Layout: SnowMEN and a background attack

I think I can count on one hand the number of layouts I’ve redone.  But when something is in front of your face every day and it doesn't make your heart sing … it's time for a revamp.

Extreme Makeover

I have had this layout hanging on my wall unit ever since I made it, because I love the picture so much.  But as years have gone by, I continued to realize how much I disliked the original layout.  It was all pastel and not the least bit masculine.  It was one of those premade layout kits and it didn't feel one bit like my style or suitable to the picture.  So yes, I redid it.  Here goes!

before, ugh!

I wanted the more masculine colors first.  I chose the Aurora line from Prima to accomplish this.  The mix of browns, blues and greens is seasonless, but just right for a snowy day picture as well.

For the base of the page, I used Aurora 'Majestic Garden'.  I like the subtle pattern over the color infused background.  It is the kind of background I would make myself.  We'll touch on that later…  I'm not one to waste anything, so I cut a large circle out of the back of this piece of paper before putting anything on it.  I don't always do this.  But this paper is so pretty – I had plans for it.  LOL!

Cut it out! You thought I was kidding?

Then I cut the harlequin patterned paper, following the pattern around the edges.  The cut edges I inked with Colobox Chalk Ink in Chestnut Roan (dark brown).  Adhere this to the base, in the center of the page.

I cut a 14" length of striped ribbon and adhered it to the right side and around tucked the ends around the back of the layout.

Use the Aurora alphabet epoxy stickers to spell 'SNOWMEN' vertically along the cut edge of the paper.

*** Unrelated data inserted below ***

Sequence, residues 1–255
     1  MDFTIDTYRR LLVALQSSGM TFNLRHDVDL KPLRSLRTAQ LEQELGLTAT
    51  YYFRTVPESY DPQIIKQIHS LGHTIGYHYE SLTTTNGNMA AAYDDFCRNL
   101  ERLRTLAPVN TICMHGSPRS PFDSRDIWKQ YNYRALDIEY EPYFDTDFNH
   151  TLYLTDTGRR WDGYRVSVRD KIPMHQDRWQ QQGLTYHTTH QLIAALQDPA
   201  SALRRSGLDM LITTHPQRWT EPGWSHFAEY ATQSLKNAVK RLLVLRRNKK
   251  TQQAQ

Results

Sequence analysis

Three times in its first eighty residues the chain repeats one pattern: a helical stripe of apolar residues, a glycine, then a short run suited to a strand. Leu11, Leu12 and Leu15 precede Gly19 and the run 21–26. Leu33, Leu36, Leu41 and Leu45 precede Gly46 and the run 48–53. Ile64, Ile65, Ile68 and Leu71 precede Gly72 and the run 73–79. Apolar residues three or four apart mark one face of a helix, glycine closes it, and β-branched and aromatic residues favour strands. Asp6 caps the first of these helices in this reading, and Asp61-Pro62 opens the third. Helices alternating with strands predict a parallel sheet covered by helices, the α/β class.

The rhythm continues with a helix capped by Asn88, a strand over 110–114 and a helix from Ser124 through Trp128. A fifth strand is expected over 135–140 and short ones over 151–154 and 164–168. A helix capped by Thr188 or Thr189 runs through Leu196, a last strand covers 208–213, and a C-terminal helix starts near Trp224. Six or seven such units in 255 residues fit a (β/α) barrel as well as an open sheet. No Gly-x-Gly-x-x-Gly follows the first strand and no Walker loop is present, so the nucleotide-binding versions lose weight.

Cut a piece of 1 1/2" x 7" striped paper from the Aurora 'Earthen Lights' pattern.  Ink cut edges.  Place against right edge, and just above the peaks of the harlequin cutouts, so they show underneath.

Mount 5×7 picture to 5 1/2" x 7 1/2" piece of Aurora 'Heavenly' on the more solid/ grunge patterned side.  Ink edges with softer Dark Grey chalk ink color and adhere to layout.  I placed this vertically centered against the SNOWMEN lettering, which leaves a larger border at the top.

Now, back to that reserved big scrap from the layout base.  I wanted to put a large heart on this layout without it being all 'girly', so I chose to play on the snowy scene by combining the dotted pattern (snow falling) with the Say It In Crystals swirls (ice).  I stamped two of the large swirls from Prima's Build-a-Swirl stamp set in Dark Grey Chalk Ink, facing each other like a heart.  I trimmed around this loosely to resemble a heart.  I adhered it to the layout, just above the striped title space, and slightly overlapping the picture.  Finally I layered the coordinating clear cyrstal swirls on top.

I stamped the words from the Build-a-Swirl stamp set (yep, there are words too!) and trimmed each close and inked the edges to make, 'take my hand and roam with me'.  These I put against the left side of the page.

The name/date piece and words 'love doesn't melt' are printed in the Adler font on vellum and torn around the edges.  No ink on these, I like the snowy white of torn vellum.

Finally, a few epoxy sticker shapes to echo the harlequins and patterns along the bottom, leading to the title and a ribbon tab at the top name/date piece.

Background Attack

Ok, back to that glorious background paper from Prima.  It is the kind of paper that makes you want to create.  Very inspiring to me!  So here goes my attempt at creating a custom coordinating paper.

Here is our inspiration: